Opinion

Why Liverpool can’t get complacent after Sadio Mane injury

Sadio Mane's injury setback leaves Liverpool's top-four bid in doubt with eight games to go in their Premier League season

Liverpool forward Sadio Mane Photo: The Sport Review

Premier League weekends don’t get much better for Liverpool fans.

The latest instalment of what has been an entertaining Premier League season began with the Merseyside derby as Liverpool eased to a 3-1 win against Everton at Anfield.

A good result was made even more significant when Chelsea lost to Crystal Palace and Manchester United could only muster a goalless draw with West Brom.

Jamie Carragher spoke on behalf of Liverpool fans when the retired defender revealed he was holding out for a draw between Arsenal and Manchester City after the derby, and it was a prediction which became a reality thanks to some rare fighting spirit from Arsene Wenger’s players to secure a 2-2 comeback.

The only caveat to a near perfect batch of results was Sadio Mane’s knee injury.

The Senegal international broke the deadlock in the derby with a superb solo goal before Mane was forced off in the second half with Liverpool leading 3-1.

Speaking at his media conference on Tuesday ahead of the visit of Bournemouth, Klopp confirmed that Liverpool are still in the dark on the severity of the problem.

The worst case scenario is that Mane doesn’t kick a ball again this season, which is a blow to Liverpool’s top-four chances irrespective of the current form of Klopp’s men.

Spurs legend Garth Crooks suggested that Philippe Coutinho could be the biggest rival to Eden Hazard and N’Golo Kante in the running for the PFA player of year award.

However, Mane’s impact has been far greater than the Brazilian’s on Liverpool’s season. In fact, the African is a worthy rival to Kante and Zlatan Ibrahimovic as the signing of the season.

His stats are impressive. Mane has scored 13 goals and has made five assists in 27 games in the Premier League. The winger is Liverpool’s top goal-scorer.

But perhaps his greatest impact can’t be measured in statistics.

Liverpool have struggled to break down teams coming to Anfield and fielding an eight or nine man wall in front of their goal under Brendan Rodgers and Klopp.

Mane has helped to improve Liverpool’s ability to find a way past opposition defences with his direct running, his ability to glide past opponents and his searing pace.

He did just that against Arsenal at the Emirates Stadium in the opening game of the season and continued the theme with his superb derby goal last weekend.

His departure to the African Cup of Nations in January highlighted his importance to the Liverpool side as Klopp’s men were short on ideas without Mane providing an out ball, an option over the top or a runner in space on the break.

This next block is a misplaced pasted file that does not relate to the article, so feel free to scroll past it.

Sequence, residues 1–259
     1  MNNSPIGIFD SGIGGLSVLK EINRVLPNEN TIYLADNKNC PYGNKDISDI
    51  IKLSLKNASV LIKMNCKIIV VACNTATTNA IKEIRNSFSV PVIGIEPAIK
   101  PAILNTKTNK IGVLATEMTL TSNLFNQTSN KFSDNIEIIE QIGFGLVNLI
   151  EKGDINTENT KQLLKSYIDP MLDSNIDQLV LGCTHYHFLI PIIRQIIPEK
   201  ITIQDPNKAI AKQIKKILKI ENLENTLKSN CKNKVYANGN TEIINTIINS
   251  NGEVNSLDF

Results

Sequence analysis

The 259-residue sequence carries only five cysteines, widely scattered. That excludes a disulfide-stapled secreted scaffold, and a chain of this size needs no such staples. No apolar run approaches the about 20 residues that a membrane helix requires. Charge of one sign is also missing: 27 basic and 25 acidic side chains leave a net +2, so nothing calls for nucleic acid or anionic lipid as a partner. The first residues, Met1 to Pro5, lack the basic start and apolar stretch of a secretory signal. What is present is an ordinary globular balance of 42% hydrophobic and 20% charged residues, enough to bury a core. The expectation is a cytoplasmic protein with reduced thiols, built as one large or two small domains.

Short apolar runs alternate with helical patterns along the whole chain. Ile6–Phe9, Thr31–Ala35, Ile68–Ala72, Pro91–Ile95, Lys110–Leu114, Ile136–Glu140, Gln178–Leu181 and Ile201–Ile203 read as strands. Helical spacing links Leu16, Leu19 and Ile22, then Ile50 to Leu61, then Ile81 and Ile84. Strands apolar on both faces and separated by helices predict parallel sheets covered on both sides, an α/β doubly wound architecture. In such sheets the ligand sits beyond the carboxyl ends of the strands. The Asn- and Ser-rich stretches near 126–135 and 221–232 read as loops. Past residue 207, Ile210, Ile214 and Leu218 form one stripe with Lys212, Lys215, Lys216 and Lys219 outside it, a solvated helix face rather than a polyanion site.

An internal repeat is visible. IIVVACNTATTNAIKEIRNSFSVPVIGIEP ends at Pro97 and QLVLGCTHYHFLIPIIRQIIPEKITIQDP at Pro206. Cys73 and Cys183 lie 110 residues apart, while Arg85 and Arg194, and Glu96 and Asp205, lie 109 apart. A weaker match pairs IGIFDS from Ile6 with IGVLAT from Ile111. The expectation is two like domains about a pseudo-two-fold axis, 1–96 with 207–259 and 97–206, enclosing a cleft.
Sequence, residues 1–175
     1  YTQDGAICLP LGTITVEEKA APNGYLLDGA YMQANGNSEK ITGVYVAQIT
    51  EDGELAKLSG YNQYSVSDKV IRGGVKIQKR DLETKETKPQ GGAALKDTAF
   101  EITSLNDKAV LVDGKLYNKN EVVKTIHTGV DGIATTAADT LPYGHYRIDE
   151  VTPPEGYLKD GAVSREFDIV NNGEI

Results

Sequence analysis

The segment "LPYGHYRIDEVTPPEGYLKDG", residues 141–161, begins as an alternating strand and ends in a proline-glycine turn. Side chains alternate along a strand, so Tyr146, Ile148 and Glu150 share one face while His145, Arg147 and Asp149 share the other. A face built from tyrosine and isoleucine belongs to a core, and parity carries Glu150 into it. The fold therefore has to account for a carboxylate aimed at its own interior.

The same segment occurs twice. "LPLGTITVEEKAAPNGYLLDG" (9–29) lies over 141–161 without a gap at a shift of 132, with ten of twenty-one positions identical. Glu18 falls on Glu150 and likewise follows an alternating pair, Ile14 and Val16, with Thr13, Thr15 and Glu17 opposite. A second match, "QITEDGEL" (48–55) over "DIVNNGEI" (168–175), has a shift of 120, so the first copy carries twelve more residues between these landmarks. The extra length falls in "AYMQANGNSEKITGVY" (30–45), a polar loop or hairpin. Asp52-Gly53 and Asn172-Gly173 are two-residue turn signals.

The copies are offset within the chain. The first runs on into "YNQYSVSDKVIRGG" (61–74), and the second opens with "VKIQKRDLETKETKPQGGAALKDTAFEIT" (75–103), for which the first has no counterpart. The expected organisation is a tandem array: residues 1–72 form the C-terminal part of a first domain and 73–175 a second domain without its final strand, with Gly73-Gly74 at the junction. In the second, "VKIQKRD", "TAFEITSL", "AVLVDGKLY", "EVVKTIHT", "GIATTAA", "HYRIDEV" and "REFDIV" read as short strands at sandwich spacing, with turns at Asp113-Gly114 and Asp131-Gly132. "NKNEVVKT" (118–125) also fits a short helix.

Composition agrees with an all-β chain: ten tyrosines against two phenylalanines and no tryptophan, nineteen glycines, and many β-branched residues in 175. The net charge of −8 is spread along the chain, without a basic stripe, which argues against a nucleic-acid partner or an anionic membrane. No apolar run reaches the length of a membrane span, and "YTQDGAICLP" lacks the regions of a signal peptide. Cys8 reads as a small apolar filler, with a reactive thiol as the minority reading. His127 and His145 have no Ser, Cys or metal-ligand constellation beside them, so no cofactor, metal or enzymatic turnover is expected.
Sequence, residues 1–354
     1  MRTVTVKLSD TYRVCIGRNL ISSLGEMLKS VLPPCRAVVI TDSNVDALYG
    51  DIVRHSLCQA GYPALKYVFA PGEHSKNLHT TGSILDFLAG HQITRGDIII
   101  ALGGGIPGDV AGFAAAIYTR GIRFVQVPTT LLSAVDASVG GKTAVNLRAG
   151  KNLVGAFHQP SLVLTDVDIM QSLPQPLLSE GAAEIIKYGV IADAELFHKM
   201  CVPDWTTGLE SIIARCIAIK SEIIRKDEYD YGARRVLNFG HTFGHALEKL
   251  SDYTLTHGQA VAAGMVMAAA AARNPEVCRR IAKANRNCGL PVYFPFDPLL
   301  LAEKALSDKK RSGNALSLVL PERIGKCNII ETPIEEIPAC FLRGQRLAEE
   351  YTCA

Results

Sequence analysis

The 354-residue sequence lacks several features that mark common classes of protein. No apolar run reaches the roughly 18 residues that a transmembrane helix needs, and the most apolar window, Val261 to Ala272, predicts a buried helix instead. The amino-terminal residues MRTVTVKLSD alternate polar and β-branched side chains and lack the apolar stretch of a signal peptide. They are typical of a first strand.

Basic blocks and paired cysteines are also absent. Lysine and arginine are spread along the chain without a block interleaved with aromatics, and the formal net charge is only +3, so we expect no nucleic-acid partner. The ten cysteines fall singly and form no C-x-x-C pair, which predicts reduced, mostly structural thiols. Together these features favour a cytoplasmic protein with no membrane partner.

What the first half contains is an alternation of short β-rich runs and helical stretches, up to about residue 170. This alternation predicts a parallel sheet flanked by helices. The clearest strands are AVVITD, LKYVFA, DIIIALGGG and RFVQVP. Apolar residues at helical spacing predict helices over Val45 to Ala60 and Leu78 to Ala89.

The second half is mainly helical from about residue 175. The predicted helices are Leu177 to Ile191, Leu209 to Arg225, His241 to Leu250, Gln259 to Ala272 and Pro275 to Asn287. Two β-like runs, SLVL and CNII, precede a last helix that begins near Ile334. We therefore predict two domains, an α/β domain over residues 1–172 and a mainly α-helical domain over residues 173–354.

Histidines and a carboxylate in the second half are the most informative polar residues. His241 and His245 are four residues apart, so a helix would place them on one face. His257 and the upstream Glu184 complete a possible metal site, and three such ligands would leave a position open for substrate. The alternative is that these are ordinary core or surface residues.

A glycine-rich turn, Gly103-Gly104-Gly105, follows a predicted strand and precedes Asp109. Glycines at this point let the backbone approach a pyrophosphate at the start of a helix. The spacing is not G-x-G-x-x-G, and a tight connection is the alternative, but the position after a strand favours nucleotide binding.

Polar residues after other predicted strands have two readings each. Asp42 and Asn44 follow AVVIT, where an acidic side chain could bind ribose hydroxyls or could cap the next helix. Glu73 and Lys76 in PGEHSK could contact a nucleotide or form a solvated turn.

Mane signed off with a goal in a 2-2 draw with Sunderland before Liverpool went on a run of one win in seven games in all competitions before his return from the bench in a 1-1 draw with Chelsea on 31 January.

Liverpool have collected 13 points from a possible 21 since the African’s return to the starting line-up and scored key goals in victories over Arsenal, Everton and Tottenham Hotspur.

There were concerns that Mane could fade in the second half of the season after the AFCON but his powers appeared to be growing in spite of his demanding schedule.

Thanks to Mane’s contribution, Liverpool have managed to hoist themselves above Manchester City and into third place. The Reds are five points ahead of fifth-placed Manchester United.

It led to a flurry of predictions from Liverpool legend Carragher and Graeme Souness that Klopp’s side will sew up a top-four place and a return to the Champions League. This confidence comes from their remaining fixtures as Liverpool take on bottom 12 clubs in their final eight games.

But have the two Liverpool icons forgotten that the Reds have dropped most of their points against the so-called lesser teams this term.

Mane provides Klopp with a unique option that no other member of his first-team squad can provide. Coutinho, Adam Lallana and Roberto Firmino don’t have the pace to break past defences and instead thrive with the ball at their feet and picking out team-mates such as Mane producing incisive runs.

It’s not like Liverpool have options off the bench either. For the derby, Ben Woodburn, Divock Origi and Marko Grujic provided the attacking options amongst Klopp’s substitutes.

The pressure is now on Coutinho and Firmino to help Liverpool see out their top-four challenge and secure a Champions League spot. If lessons have been learned from their disappointments against the smaller Premier League clubs earlier this season then Klopp’s men should get the job done.

But without Mane, expect some ropey moments for Klopp and his players in their remaining eight games of the season.

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